The Human Condition
by Arendt, Hannah (2013)
A work of striking originality bursting with unexpected insights, The Human Condition is in many respects more relevant now than when it first appeared in 1958. In her study of the state of modern humanity, Hannah Arendt considers humankind from the perspective of the actions of which it is capable. The problems Arendt identified then—diminishing human agency and political freedom, the paradox that as human powers increase through technological and humanistic inquiry, we are less equipped to control the consequences of our actions—continue to confront us today. This new edition, published to coincide with the fortieth anniversary of its original publication, contains an improved and expanded index and a new introduction by noted Arendt scholar Margaret Canovan which incisively analyzes the book's argument and examines its present relevance. A classic in political and social theory, The Human Condition is a work that has proved both timeless and perpetually timely. Hannah Arendt (1906-1975) was one of the leading social theorists in the United States. Her Lectures on Kant's Political Philosophy and Love and Saint Augustine are also published by the University of Chicago Press.
It is interesting to note that the distinctions between skilled and unskilled and between intellectual and manual work play no role in either classical political economy or in Marx's work. Compared with the productivity of labor, they are indeed of secondary importance. Every activity requires a certain amount of skill, the activity of cleaning and cooking no less than the writing of a book or the building of a house. The distinction does not apply to different activities but notes only certain stages and qualities within each of them. It could acquire a certain importance through the modem division of labor, where tasks formerly assigned to the young and inexperienced were frozen into lifelong occupations. But this consequence of the division of labor, where one activity is divided into so many minute parts that each specialized performer needs but a minimum of skill, tends to abolish skilled labor altogether, as Marx rightly predicted. Its result is that what is bought and sold in the labor market is not individual skill but "labor power," of which each living human being should possess approximately the same amount. Moreover, since unskilled work is a con- tradiction in terms, the distinction itself is valid only for the laboring activity, and the attempt to use it as a major frame of reference already indicates that the distinction between labor and work has been abandoned in favor of labor. (p.89)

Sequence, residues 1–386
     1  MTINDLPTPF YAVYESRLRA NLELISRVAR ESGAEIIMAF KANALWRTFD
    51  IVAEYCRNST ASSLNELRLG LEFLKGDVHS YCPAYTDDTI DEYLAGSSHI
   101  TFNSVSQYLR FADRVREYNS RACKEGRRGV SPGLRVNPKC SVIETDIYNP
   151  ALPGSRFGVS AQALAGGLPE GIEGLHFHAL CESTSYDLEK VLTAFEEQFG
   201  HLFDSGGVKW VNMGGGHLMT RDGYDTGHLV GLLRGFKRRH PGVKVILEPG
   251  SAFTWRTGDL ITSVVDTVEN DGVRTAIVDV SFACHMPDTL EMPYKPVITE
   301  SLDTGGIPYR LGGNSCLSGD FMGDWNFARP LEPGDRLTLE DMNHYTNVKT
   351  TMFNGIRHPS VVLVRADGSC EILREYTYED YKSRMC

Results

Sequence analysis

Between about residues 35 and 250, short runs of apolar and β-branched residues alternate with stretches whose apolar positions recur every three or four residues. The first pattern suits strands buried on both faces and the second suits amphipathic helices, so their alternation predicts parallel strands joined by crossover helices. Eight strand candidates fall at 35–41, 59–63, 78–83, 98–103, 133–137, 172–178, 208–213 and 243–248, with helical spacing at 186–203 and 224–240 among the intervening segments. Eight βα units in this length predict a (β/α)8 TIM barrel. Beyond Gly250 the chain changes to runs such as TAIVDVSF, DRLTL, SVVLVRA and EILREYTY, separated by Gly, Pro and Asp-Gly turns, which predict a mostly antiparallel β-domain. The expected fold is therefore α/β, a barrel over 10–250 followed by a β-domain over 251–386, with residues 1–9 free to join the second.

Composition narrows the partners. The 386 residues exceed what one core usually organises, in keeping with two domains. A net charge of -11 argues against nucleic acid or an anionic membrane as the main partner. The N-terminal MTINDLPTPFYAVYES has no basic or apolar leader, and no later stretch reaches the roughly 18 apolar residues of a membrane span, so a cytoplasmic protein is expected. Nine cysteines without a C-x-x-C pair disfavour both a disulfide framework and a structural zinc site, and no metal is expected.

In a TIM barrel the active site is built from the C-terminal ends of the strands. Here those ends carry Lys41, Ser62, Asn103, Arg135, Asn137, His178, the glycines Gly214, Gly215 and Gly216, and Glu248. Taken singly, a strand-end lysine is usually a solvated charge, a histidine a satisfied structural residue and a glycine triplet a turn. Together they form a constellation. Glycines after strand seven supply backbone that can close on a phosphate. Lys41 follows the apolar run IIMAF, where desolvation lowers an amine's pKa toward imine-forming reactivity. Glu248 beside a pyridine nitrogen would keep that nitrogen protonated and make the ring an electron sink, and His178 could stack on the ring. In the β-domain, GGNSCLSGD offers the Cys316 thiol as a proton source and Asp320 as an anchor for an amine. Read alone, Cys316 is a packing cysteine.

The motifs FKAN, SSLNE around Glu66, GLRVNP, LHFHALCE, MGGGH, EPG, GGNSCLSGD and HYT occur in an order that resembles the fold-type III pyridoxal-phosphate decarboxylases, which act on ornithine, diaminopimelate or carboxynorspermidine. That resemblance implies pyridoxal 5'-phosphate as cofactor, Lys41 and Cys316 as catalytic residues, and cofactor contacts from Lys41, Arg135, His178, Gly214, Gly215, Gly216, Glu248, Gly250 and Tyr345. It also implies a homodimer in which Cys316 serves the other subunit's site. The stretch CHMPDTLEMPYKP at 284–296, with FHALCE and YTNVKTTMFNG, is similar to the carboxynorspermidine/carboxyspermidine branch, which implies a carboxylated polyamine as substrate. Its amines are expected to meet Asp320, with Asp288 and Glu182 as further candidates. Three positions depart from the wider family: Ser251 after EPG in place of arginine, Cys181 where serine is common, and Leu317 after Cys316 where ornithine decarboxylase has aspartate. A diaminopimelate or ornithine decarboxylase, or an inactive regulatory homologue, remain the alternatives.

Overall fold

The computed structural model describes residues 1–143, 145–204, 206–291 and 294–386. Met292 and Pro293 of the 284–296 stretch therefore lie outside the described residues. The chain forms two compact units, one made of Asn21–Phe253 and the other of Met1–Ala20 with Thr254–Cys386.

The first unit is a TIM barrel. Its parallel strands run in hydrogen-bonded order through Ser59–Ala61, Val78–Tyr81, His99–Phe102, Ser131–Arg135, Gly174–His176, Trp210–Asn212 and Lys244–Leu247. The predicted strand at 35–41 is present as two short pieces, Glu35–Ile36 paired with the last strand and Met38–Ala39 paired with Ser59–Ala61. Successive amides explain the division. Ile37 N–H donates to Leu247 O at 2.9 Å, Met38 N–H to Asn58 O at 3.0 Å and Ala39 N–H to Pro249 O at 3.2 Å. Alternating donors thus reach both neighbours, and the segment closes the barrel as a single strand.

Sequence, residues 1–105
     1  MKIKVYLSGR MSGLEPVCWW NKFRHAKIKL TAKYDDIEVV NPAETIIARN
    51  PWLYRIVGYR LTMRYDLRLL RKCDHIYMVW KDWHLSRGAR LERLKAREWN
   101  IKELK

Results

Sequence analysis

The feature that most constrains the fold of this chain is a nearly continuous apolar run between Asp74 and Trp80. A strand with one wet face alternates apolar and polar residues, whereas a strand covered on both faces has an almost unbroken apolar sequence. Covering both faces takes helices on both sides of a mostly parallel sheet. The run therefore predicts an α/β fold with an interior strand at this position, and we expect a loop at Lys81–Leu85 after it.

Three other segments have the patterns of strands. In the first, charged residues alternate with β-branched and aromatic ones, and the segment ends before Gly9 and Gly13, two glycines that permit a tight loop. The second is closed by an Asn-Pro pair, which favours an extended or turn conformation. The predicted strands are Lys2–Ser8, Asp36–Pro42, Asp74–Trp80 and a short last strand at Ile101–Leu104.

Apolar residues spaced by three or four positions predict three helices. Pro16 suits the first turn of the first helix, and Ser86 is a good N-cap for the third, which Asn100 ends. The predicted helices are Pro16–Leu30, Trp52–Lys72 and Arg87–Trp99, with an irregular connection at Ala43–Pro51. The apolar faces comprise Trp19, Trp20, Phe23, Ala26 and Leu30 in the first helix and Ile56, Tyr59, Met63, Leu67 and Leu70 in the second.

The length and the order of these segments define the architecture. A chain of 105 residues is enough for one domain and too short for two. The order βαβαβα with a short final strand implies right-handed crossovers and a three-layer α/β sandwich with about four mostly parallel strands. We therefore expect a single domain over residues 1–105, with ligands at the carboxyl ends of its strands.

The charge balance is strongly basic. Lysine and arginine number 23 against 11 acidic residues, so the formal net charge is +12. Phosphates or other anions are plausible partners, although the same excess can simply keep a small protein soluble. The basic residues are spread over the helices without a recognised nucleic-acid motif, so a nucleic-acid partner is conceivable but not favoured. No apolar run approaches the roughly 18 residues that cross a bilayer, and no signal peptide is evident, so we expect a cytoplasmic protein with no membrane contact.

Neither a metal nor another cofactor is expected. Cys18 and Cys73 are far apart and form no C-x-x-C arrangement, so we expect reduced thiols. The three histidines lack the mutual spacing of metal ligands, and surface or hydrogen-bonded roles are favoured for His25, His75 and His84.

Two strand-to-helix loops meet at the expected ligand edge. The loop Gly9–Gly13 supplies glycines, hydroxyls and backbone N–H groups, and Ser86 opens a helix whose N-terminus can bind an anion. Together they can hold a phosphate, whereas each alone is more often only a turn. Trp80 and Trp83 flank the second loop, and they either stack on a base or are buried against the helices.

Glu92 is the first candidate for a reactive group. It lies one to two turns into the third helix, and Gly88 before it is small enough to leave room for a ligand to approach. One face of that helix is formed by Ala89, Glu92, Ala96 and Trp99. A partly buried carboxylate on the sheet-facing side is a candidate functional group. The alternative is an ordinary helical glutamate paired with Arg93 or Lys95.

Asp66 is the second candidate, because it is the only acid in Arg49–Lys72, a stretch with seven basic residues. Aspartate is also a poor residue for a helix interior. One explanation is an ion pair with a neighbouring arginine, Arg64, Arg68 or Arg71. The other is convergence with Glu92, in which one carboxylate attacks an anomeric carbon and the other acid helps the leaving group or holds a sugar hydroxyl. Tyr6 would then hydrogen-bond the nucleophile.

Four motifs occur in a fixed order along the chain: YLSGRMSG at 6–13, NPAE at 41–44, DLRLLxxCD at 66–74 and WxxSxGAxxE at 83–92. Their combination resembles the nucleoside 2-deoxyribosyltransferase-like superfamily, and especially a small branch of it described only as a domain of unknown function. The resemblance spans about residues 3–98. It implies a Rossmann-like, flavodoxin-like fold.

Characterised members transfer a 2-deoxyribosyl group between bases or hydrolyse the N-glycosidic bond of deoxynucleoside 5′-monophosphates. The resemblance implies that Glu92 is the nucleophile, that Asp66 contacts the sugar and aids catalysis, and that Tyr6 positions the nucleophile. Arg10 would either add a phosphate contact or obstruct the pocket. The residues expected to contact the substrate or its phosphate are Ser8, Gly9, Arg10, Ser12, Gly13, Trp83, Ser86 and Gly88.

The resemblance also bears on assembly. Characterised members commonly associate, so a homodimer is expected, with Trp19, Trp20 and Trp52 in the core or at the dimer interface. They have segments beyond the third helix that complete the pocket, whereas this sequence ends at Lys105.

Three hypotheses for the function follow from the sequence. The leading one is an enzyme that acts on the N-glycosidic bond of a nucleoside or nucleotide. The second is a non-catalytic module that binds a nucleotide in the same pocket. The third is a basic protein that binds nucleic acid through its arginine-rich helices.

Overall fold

KeywordsArendt, Technology, Modernity, Animal Laborans, Homo Faber
ThemesThe Human Condition , Arendt Citations
Links to Reference
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